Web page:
I was the non-competent roommate of a PE major who signed me up for various volleyball and softball teams in which I was always the weakest link. But I'm glad to have had the experience of knowing I was the worst one on the field and playing anyway.

Fresca said...

The Red Cross will mail me my blood type--I don't know what it is.

Volleyball is the only team sport I've enjoyed--probably because it's relatively stationary.

Rudyinparis said...

"my iron-rich, plump-veined and perky self"--this is SUCH a good description, and so oddly effective in describing you. Now the next time we get together I'll be thinking, happily, in my head, "Oh, she is SO iron rich, plump veined and perky, isn't she!"

Annika said...

Hooray for you! That's a heroic story, and interesting, too.

I've always thought fear of blood is strange, especially in women. We see it flowing out of our bodies at least once a month, and it has always seemed weird to me that people aren't OK with blood after half a lifetime with that. If it's not too personal a question, does menstrual blood make you as queasy as blood from injuries? I ask out of honest curiosity.

I really, really want to donate blood myself, but I was told when I tried that my veins are too narrow. There needs to be a minimum of flow to keep the blood from coagulating too soon and apparently, I don't bleed fast enough. It's a silly little defect to have. On the other hand, it might have been a life-saving trait for some of my ancestors, who knows?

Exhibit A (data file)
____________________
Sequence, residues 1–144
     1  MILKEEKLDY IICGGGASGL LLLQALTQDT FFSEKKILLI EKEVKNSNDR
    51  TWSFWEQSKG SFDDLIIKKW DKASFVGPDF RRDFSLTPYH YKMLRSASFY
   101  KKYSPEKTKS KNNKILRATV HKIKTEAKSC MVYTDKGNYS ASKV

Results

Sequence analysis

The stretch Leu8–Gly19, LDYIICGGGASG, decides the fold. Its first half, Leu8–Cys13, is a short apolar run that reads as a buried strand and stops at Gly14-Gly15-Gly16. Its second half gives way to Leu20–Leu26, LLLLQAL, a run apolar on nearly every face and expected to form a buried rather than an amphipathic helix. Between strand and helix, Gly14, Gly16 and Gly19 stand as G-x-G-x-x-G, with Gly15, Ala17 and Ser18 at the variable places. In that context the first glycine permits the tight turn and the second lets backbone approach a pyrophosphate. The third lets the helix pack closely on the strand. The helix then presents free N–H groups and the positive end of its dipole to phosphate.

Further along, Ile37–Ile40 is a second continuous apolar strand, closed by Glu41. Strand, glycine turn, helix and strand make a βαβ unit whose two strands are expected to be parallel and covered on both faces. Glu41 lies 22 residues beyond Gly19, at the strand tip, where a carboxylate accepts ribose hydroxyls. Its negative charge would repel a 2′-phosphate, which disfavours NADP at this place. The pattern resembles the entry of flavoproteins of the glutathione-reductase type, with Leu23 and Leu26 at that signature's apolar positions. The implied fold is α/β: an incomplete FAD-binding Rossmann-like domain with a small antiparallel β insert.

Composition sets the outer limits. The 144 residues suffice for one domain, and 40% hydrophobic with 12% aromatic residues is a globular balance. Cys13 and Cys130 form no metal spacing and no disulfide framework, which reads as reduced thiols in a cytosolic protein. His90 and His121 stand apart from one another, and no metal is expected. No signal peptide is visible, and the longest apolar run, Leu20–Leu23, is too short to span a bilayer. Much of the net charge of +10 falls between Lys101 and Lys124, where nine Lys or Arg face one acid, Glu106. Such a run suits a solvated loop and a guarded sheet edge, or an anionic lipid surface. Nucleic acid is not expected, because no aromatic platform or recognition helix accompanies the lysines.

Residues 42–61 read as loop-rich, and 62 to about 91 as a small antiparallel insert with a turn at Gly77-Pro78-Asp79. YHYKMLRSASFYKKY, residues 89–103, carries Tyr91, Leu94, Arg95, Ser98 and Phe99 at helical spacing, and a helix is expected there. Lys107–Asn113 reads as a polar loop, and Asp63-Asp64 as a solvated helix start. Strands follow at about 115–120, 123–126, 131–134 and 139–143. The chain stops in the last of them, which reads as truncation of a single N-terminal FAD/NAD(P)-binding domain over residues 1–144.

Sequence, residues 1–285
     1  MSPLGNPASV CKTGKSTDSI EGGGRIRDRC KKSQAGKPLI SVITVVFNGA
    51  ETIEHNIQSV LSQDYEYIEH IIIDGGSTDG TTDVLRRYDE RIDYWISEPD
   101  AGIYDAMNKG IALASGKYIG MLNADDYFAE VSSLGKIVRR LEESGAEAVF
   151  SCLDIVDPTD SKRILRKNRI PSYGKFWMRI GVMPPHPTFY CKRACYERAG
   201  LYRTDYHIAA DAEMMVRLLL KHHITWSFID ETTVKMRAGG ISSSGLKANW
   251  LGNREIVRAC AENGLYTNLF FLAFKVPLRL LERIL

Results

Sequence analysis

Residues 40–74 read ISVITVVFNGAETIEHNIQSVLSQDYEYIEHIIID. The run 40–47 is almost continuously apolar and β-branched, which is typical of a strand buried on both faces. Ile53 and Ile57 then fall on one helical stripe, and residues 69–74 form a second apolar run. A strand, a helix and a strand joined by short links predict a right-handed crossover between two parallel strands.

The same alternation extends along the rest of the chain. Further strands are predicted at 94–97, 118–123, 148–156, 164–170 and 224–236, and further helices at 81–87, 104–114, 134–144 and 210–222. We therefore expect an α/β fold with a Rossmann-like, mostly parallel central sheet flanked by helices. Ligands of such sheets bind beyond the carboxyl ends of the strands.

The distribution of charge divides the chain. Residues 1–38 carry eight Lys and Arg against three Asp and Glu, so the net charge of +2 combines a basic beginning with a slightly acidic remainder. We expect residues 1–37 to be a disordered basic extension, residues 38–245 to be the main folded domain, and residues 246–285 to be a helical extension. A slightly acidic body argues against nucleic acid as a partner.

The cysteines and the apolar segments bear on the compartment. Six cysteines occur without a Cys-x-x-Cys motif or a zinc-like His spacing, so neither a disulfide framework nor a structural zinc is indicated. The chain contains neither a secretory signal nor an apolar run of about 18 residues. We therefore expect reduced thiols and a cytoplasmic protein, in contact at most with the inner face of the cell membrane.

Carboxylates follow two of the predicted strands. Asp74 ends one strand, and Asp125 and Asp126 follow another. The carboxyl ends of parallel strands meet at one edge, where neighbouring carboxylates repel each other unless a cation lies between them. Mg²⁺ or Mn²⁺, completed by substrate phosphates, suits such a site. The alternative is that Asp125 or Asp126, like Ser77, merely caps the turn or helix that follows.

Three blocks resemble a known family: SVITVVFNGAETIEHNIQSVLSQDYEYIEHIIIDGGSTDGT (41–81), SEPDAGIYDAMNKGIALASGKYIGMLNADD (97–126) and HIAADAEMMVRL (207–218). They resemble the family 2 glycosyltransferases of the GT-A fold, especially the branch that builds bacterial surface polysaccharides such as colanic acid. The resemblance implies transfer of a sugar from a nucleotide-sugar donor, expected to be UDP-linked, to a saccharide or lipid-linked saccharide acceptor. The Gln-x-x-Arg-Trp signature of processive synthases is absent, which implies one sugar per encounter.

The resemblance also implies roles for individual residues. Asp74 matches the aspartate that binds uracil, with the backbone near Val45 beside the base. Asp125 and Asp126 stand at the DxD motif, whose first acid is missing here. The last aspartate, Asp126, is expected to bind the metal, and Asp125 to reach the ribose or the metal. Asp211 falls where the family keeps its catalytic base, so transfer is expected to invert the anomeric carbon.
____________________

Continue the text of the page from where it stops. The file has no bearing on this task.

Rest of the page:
And while I'm at it: thanks for the beautiful card, and happy new year!

Fresca said...

Hi, Annika!

What a great question!
I've never thought of the connection between menstruation and my fear of blood because, in fact, no, that monthly blood has never triggered any squeamishness---on the contrary, sometimes I've even thought how pretty it is (when it's a beautiful bright red), and I've also thought that it's a wonderful reminder that I live in a physical body (something I tend to drift away from knowing).

I was surprised to learn at the Red Cross that a large percent (I can't remember the number, but it's surprisingly high) of people cannot donate blood, for one reason or another. That made me feel it's important to try again and see if I can handle it.
Almost fainting sounds like no big deal, but it is intensely unpleasant, so I hope I get over it.

Guess what? I came home from New Year's Eve festivities last night to your package! What a really cool surprise, I was touched you sent me a present, and such a good one too: thank you very much.